In 1990, RTE radio’s Gay Byrne & Joe Duffy paid a live visit to the Irish Air Corps at Casement Aerodrome, Baldonnel. Since the above photo was taken, 94 serving & former Air Corps personnel have suffered untimely* deaths, dying at an average age of 53 years.
Many more personnel along with their partners & children have suffered catastrophic physical & mental health issues due to decades of unprotected & unmitigated toxic chemical exposure including exposure to CMRs
Joe Duffy is now the host of Liveline but when Irish Air Corps survivors attempted to get on the show they were refused.
Uncritical Irish Air Corps PR pieces by RTE radio continue while RTE news ignores the toxic chemical exposure scandal that HSA inspectors described as “the worst case of chemical misuse in the history of the state”.
Untimely* deaths of serving & former Irish Air Corps personnel
- 99 verified deaths have occurred in total since 1980
- 86 of these deaths have occurred since 2000
- 61 of these deaths have occurred since 2010
Either the rate of death is accelerating or we are missing many deaths from previous decades or possibly both.
3 most significant causes of death
- 42% of deaths are from cancer
- 27% of deaths are from cardiac issues
- 15% of deaths are from suicide (at least 15 suicides)
*We record untimely as dying at or before age 66 (civilian pension age), average age of death is 53 years. We are counting deaths from medical reasons & suicide, we are not counting accidental deaths nor murder.
We are not stating that every single death is directly due to chemical exposure but many personnel who did not handle chemicals directly were unknowingly exposed due to close proximity to contaminated work locations.
Epigenetics is the study of heritable phenotype changes that do not involve alterations in the DNA sequence. The Greek prefix epi- (ἐπι- “over, outside of, around”) in epigenetics implies features that are “on top of” or “in addition to” the traditional genetic basis for inheritance. Epigenetics most often denotes changes that affect gene activity and expression, but can also be used to describe any heritable phenotypic change. Such effects on cellular and physiological phenotypic traits may result from external or environmental factors, or be part of normal developmental program. The standard definition of epigenetics requires these alterations to be heritable, either in the progeny of cells or of organisms.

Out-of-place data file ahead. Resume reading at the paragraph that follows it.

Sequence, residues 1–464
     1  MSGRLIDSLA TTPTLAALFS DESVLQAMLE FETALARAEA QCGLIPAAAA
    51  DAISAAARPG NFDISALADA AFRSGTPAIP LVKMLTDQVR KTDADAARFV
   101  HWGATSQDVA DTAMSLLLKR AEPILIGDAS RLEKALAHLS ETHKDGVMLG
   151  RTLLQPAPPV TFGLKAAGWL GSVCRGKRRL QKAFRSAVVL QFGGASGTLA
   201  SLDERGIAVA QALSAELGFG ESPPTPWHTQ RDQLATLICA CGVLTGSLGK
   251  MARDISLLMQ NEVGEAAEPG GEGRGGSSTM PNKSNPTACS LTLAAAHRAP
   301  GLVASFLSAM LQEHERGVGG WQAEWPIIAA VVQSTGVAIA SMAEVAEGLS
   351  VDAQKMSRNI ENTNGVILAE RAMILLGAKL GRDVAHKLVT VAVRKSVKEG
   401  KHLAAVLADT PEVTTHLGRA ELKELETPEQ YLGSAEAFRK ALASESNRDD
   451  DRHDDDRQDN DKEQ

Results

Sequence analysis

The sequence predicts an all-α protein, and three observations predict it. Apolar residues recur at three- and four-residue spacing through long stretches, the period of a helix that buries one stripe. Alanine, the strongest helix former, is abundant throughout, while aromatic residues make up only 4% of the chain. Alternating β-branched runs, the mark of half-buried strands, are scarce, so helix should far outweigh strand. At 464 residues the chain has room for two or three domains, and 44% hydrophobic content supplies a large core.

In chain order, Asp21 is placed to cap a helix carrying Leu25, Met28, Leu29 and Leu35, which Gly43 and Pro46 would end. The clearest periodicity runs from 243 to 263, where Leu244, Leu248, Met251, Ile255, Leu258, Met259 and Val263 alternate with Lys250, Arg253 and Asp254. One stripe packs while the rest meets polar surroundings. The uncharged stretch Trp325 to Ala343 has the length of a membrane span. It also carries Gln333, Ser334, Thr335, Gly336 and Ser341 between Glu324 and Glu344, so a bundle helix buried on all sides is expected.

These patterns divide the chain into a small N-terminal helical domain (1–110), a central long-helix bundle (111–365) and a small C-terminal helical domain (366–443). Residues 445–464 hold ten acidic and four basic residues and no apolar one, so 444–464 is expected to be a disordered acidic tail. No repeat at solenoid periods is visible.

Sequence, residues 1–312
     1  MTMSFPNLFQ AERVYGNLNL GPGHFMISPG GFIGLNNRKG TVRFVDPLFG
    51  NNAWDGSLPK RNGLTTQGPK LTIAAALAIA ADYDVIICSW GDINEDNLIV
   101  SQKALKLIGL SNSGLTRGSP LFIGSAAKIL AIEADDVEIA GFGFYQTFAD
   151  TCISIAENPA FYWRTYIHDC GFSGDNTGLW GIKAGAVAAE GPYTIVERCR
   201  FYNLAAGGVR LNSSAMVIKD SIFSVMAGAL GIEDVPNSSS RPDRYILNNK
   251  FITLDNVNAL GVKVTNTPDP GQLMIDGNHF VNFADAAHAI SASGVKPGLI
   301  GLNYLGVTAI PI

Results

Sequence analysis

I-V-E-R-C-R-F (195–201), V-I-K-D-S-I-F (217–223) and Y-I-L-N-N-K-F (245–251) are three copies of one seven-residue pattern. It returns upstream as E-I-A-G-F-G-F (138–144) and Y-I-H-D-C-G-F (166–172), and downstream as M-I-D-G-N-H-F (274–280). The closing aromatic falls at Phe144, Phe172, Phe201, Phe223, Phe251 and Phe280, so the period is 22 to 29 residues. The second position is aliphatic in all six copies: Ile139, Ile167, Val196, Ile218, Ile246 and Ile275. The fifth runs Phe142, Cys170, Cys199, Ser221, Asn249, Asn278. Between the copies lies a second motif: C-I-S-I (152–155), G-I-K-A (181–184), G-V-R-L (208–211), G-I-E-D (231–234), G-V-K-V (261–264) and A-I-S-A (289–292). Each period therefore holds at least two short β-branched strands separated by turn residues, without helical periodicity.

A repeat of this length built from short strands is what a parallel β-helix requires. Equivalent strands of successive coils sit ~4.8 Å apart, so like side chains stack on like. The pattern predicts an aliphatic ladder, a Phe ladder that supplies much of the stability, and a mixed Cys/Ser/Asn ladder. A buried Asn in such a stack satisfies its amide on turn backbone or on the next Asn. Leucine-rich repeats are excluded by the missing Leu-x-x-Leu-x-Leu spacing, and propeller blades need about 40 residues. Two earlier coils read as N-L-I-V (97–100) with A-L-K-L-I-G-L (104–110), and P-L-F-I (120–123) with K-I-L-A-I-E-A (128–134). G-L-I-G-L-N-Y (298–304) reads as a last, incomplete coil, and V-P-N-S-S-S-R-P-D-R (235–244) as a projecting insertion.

The term also refers to the changes themselves: functionally relevant changes to the genome that do not involve a change in the nucleotide sequence. Examples of mechanisms that produce such changes are DNA methylation and histone modification, each of which alters how genes are expressed without altering the underlying DNA sequence. Gene expression can be controlled through the action of repressor proteins that attach to silencer regions of the DNA.
These epigenetic changes may last through cell divisions for the duration of the cell’s life, and may also last for multiple generations even though they do not involve changes in the underlying DNA sequence of the organism; instead, non-genetic factors cause the organism’s genes to behave (or “express themselves”) differently.
Read the full article on Wikipedia
New additions to child illness list in recent weeks are as follows:
- Attention deficit hyperactivity disorder
- Autism – Asperger’s Syndrome
- Autism – DSM-IV
- Autism – Tuberous sclerosis
- Autism Spectrum
- Cri-Du-Chat Syndrome
- Developmental coordination disorder
- Hiatus Hernia
- Inflammatory Bowel Disease
- Mitral insufficiency
- Sensory processing disorder
- Trisomy 21
- Ventricular Septal Defect
- XYY Syndrome
See details at Child Illness List